I love train stations. Especially the subway ones that have been decorated with tiles and mosaics. One of
the subway stations to get this treatment early in the 90's was the Cortland Street N/R line underpass by the WTC. The entire
underpass that connected the uptown to the downtown side of the platforms was covered in ceramics depicting the history of
lower Manhattan. This station was a bustling hub of activity pre 9/11. When I worked down in the Wall Street area I used it
many times to go to upper Manhattan after work.
When the Towers fell I thought that surely all that artwork had been destroyed. After all, it was underground,
right next to what was now Ground Zero. It couldn't have survived. In fact I posted in The Way It Was Part 1 photos I had
taken a year prior, to honor the work of the artist and show the world what was lost.
Last year, after more than a year of being closed the station reopened. Curious, I took the train down to
get a look. A new entrance had been created by the token booth where before you could exit to the WTC mall area. Then I thought
about the underpass. Was it there? What had become of the artwork? I hastily walked to where I remembered the platform stairs
to be located. They were there, accessible. I descended. What greeted me was beyond belief. Almost as if frozen in time, the
entire underpass was in tact. I looked around, examining the tiles. Not a scratch. I stood in the middle and cried. It was
like going back in time. I could see in my mind's eye the bustling crowds, coming and going from the mall. Then silence.
I looked around and tried to orient myself as to where the entrance had been. And why was there no damage.
Then I remembered that the underpass was accessible from the mall area only by a stairway that also held an escalator. There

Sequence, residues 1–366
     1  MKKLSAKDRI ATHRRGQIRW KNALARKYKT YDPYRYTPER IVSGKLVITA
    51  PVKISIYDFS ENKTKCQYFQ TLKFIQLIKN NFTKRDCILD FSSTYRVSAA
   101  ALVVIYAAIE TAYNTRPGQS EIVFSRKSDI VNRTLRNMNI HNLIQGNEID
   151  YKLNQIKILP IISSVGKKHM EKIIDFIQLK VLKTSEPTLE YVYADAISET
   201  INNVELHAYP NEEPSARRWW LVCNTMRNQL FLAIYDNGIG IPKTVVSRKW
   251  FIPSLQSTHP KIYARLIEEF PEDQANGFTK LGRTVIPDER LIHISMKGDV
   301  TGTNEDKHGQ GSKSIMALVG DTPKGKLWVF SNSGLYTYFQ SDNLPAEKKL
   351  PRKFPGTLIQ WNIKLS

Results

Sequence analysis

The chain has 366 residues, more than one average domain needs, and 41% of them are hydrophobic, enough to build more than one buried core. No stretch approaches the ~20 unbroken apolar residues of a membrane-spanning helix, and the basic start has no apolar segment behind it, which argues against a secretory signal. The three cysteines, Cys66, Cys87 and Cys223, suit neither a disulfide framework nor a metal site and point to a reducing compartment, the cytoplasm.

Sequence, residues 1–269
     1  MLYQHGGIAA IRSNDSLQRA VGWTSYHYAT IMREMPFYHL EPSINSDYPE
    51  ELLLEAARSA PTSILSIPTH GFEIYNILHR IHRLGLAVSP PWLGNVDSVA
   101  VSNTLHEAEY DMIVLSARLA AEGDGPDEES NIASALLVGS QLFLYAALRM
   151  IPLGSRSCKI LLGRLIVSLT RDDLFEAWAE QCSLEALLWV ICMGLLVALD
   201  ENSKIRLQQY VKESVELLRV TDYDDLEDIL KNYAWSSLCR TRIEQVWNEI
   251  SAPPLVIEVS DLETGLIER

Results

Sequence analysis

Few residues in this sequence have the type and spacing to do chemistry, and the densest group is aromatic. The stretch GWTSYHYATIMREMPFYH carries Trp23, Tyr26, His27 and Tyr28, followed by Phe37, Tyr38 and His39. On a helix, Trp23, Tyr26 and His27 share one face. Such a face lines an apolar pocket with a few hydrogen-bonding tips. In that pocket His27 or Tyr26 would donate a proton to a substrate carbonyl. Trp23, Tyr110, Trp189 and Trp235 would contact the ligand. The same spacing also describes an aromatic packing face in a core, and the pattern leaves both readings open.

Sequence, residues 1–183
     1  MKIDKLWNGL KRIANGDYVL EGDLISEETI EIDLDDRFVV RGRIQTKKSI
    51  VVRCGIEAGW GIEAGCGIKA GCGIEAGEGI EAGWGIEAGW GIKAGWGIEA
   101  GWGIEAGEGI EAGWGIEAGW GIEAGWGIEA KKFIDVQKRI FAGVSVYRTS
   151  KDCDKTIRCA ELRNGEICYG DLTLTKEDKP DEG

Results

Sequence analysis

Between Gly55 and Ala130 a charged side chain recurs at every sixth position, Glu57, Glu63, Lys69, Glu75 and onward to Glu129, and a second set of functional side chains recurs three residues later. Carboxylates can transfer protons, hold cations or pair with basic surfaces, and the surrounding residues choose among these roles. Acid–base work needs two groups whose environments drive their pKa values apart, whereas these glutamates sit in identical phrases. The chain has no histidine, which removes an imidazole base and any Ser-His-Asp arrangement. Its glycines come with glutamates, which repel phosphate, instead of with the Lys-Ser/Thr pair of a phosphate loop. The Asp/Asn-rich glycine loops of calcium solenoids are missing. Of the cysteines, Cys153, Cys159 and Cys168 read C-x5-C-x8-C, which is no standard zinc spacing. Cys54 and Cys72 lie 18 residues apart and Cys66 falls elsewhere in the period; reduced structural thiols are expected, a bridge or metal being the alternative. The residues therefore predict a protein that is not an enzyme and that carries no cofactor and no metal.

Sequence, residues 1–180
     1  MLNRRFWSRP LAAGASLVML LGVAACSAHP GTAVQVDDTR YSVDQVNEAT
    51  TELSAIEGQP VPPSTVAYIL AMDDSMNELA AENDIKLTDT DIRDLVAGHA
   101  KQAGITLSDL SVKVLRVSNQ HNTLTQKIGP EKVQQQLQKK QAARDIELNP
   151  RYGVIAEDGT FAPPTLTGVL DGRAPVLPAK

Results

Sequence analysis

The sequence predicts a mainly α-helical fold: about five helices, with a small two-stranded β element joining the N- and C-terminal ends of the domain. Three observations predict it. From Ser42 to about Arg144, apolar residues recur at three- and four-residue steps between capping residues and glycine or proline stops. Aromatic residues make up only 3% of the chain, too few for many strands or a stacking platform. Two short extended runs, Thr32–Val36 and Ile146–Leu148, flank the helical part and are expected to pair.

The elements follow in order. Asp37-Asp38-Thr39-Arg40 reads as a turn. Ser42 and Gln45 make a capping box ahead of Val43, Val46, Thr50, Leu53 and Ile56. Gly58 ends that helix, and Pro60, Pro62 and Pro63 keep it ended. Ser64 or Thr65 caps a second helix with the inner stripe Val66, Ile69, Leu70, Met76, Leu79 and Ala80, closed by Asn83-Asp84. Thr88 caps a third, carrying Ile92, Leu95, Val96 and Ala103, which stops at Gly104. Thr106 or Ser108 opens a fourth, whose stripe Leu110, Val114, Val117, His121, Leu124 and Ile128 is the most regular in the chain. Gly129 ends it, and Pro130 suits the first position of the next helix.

was a door at the top and a door at the bottom. Obviously, that area had become the buffer zone for the destruction. Only
dust would have entered the underpass, no debris, nothing that could have damaged the artwork. And due to the fact that it
was on the perimeter and not directly under the mall area, the underpass would not have been buried by the towers' collapse. And then I noticed it: A wall of white tiles where the door to the stairway had existed. They matched perfectly
the older white tiles on either side, except they were shinier! I walked up and put my hand to that wall, knowing that just
beyond it was sacred ground.
Coming back to reality, I decided to take some more photos of the murals. Here they are for you to enjoy.
If you get to NYC and go to Ground Zero, do make this a stop. Your breath will be taken away, photos do not do it justice.
The token booth clerks will help you locate it.
I recently took a friend from out of town down to see it. She was amazed. And she too was overwhelmed when
I showed her the wall that had Ground Zero beyond it. But now it had a door. Or had it always been there and I just had forgotten?
(it was over a month since I had been there) I did a little 'forensic' snooping and found a lot of white dust on the mural's
tiles. Dust that obviously came from cutting the white tiles to make the doorway. I fell that in a way this doorway is symbolic
of what is happening around Ground Zero. Progress, moving away from the past, going toward a new future. I'm sure the Transit
Authority just created a storage space in back of that door. But I would also like to think that it is a doorway to what can
be, from a space that once was and survived.